Just a heads up – I wrote a quick blog post on the Monkeyman website about the revision process for our latest incarnation of The Simian Showcase, where I’m playwright on one piece and director on another. Take a look!
“Are we ready? Are we set? Atomic batteries to power, turbines to –”
Marty and I just finished a discussion on the Monkeyman Productions blog about our company’s tendency to include pop culture references in our shows. Since a lot of the blame for that has to be laid at my fingertips, I thought I’d touch on it for a moment here as well. While they can – and hopefully often do – add another layer to the show, and the relationship between the characters both making an allusion and appreciating it, it’s also easy to take them too far.
Okay, I really need to get back to actual playwriting soon (it’s been weeks since finishing Uncharted Zones), but I just finished up a month of submission ‘binging’ – sending out as many subs to contests and theatres as I could, and I thought this would be a good time to share a few disorganized notes on the art of submission. Some of this you may know, a lot of it may seem like common sense, but thanks to Monkeyman I’ve got a little bit of experience from both sides now, and I know these things can’t be said often enough. Besides, it gives me an excuse to type ‘submission’ a bunch of times in a post my mother could actually read. 😉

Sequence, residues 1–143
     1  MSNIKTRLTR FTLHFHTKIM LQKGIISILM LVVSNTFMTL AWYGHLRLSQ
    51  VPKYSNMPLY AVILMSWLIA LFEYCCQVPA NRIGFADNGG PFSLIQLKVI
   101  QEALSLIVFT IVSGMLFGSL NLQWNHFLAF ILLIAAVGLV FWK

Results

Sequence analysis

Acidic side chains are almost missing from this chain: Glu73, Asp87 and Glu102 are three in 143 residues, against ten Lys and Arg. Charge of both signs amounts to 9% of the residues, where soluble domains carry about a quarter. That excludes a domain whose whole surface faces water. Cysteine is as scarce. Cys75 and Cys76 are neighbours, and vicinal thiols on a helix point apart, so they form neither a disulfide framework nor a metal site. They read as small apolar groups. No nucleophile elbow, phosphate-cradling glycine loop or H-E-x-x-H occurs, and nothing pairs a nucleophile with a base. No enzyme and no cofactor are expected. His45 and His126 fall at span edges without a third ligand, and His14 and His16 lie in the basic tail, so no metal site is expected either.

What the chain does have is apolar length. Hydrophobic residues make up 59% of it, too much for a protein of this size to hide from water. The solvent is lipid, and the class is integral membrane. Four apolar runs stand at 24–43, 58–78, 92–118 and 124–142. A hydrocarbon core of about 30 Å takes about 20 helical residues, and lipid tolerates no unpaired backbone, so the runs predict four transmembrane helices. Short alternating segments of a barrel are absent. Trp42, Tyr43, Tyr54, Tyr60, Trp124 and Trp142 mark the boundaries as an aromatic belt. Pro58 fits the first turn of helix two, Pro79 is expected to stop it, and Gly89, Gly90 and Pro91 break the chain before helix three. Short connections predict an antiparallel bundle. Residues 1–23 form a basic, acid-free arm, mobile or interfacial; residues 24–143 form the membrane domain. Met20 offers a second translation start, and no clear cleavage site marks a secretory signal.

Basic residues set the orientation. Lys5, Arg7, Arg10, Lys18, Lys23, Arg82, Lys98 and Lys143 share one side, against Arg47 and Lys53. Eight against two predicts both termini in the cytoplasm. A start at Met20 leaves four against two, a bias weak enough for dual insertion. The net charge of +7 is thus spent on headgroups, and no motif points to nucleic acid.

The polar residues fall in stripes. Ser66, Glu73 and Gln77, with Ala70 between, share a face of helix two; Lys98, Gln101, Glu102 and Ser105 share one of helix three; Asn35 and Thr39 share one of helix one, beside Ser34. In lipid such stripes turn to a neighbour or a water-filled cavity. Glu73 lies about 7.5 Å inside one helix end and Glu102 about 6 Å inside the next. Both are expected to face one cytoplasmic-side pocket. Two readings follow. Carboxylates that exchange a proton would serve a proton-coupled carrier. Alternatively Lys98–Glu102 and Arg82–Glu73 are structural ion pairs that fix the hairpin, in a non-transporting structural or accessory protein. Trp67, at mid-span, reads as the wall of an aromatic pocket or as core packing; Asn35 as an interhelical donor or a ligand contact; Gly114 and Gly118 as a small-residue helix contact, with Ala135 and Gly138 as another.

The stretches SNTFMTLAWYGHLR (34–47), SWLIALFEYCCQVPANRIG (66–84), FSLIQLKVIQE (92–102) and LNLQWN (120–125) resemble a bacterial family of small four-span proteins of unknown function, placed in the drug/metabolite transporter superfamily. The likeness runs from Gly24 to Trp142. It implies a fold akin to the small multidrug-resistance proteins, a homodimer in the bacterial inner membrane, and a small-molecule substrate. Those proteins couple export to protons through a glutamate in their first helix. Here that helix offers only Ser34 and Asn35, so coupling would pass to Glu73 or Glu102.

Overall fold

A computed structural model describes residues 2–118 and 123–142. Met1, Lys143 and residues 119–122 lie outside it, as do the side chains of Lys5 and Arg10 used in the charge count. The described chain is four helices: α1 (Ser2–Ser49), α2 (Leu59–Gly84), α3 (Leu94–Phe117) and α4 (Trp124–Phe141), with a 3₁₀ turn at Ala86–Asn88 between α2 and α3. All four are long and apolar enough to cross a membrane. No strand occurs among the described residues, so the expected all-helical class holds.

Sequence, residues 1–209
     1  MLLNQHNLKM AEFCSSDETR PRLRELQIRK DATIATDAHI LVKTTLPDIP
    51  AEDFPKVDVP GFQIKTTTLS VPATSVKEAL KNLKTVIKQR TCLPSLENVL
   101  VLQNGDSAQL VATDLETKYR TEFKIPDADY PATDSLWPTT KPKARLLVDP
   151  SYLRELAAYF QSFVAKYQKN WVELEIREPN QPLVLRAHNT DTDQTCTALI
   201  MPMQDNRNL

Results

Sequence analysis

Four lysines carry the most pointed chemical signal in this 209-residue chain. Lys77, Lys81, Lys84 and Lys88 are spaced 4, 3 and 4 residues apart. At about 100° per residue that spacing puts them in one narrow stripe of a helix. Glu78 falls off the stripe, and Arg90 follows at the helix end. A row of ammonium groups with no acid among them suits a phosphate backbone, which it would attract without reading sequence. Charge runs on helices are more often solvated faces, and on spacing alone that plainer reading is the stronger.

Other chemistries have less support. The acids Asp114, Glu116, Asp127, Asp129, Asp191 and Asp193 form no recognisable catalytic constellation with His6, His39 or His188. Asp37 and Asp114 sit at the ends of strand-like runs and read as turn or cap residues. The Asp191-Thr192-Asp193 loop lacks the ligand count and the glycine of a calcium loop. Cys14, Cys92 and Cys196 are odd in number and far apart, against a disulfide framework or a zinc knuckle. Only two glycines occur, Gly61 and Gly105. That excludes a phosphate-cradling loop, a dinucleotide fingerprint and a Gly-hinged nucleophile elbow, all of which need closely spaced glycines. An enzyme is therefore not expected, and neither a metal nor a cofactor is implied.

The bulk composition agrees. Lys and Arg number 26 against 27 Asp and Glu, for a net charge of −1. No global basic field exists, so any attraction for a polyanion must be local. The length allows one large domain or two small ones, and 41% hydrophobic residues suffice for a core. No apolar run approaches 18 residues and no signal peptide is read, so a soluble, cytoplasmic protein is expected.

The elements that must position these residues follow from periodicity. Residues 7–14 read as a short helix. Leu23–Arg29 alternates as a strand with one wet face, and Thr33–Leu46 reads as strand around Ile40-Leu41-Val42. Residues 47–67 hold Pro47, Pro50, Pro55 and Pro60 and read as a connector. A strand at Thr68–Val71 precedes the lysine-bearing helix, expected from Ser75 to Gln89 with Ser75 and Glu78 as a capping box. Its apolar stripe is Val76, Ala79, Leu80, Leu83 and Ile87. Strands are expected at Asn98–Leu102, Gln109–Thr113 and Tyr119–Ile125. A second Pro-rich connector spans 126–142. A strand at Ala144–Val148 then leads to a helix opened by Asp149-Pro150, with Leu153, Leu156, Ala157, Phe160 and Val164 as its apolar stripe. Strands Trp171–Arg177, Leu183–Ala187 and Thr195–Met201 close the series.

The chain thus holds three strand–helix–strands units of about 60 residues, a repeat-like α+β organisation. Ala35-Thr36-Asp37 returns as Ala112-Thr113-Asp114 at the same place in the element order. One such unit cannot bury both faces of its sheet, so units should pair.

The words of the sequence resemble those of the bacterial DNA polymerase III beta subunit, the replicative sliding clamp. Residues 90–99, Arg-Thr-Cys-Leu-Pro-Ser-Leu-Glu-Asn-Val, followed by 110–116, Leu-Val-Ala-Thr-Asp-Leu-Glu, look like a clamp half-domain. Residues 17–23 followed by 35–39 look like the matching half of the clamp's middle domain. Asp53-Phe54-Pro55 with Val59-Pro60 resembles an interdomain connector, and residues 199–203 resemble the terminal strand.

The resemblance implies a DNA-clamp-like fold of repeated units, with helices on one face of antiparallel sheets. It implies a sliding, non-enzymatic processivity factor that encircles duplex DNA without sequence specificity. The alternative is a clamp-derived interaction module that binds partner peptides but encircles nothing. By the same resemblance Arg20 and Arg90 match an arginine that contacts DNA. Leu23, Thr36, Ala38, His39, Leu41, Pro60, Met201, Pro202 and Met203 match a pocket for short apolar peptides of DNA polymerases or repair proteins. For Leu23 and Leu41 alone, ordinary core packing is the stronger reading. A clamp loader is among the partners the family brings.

Off to my favourite city in the world tonight, Toronto, for a weekend with friends and my Monkeyman cohorts and to try to sell copies of The Phoenix Saga at Star Trek Day Toronto! If you’re anywhere in the area, you should stop by – it’s geekiness of the absolute best kind, and you can put down your money and walk away with a signed copy of sci-fi theatrical hilariousness. Highly recommended.
In other news, a friend linked to this article about playwriting, and while it’s kind of a no-brainer, it’s also nicely heartwarming. I love my collaborators.
Until next time, Excelsior!
Good for me! As of last Friday, I am officially finished with the script for Uncharted Zones. That was the deadline we set for ourselves, and we met it. As is to be expected, I met it by going crazy for the better part of a week and sneaking everything in just under the wire – but it’s finished, and that’s what matters.
And it reminded me of something I wanted to write about in here: how do you decide when a play (or novel, etc.) is done? This time, I had no choice – but most of the time, it’s something you have to decide for yourself. How do you know?
Quick update here – it’s been a bit of a crazy time; hopefully I can get back to more informative posts next week. But I had a bit of an announcement to make …
If you’re coming to the website to read my posts (or you know me on Facebook, Twitter, etc.) you’re certainly already aware that I’ve put out a book of my two short Star Trek parody plays – The Final Flight of the Phoenix and Phoenix II: The Mongolar Maneuver. There’s a link on the main page if you want to order it from Lulu.com. But I’m also going to be selling it directly, if you’re interested in that sort of thing, and I have a launch-ish event to announce for doing that!